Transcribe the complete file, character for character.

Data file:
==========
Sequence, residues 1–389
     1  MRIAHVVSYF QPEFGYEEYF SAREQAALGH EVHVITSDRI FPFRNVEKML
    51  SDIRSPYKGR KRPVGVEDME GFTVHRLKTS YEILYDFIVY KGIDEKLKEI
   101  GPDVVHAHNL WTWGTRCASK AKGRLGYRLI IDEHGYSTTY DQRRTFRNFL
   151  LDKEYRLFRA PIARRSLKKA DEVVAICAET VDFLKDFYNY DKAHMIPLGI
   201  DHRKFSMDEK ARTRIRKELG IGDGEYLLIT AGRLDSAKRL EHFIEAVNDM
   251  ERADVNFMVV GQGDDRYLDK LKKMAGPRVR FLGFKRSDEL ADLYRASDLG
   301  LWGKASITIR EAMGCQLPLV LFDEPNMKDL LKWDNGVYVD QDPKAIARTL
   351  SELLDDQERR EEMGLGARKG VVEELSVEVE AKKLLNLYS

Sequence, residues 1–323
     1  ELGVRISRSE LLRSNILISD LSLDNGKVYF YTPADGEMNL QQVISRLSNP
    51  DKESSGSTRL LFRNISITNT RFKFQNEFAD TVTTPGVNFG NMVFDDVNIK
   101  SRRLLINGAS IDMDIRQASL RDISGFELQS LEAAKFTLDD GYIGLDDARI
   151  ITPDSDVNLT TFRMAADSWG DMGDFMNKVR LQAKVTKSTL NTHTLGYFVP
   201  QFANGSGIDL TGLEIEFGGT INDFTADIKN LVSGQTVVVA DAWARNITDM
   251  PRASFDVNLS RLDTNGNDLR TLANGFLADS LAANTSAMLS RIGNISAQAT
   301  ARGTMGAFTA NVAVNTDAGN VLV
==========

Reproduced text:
Sequence, residues 1–389
     1  MRIAHVVSYF QPEFGYEEYF SAREQAALGH EVHVITSDRI FPFRNVEKML
    51  SDIRSPYKGR KRPVGVEDME GFTVHRLKTS YEILYDFIVY KGIDEKLKEI
   101  GPDVVHAHNL WTWGTRCASK AKGRLGYRLI IDEHGYSTTY DQRRTFRNFL
   151  LDKEYRLFRA PIARRSLKKA DEVVAICAET VDFLKDFYNY DKAHMIPLGI
   201  DHRKFSMDEK ARTRIRKELG IGDGEYLLIT AGRLDSAKRL EHFIEAVNDM
   251  ERADVNFMVV GQGDDRYLDK LKKMAGPRVR FLGFKRSDEL ADLYRASDLG
   301  LWGKASITIR EAMGCQLPLV LFDEPNMKDL LKWDNGVYVD QDPKAIARTL
   351  SELLDDQERR EEMGLGARKG VVEELSVEVE AKKLLNLYS

Sequence, residues 1–323
     1  ELGVRISRSE LLRSNILISD LSLDNGKVYF YTPADGEMNL QQVISRLSNP
    51  DKESSGSTRL LFRNISITNT RFKFQNEFAD TVTTPGVNFG NMVFDDVNIK
   101  SRRLLINGAS IDMDIRQASL RDISGFELQS LEAAKFTLDD GYIGLDDARI
   151  ITPDSDVNLT TFRMAADSWG DMGDFMNKVR LQAKVTKSTL NTHTLGYFVP
   201  QFANGSGIDL TGLEIEFGGT INDFTADIKN LVSGQTVVVA DAWARNITDM
   251  PRASFDVNLS RLDTNGNDLR TLANGFLADS LAANTSAMLS RIGNISAQAT
   301  ARGTMGAFTA NVAVNTDAGN VLV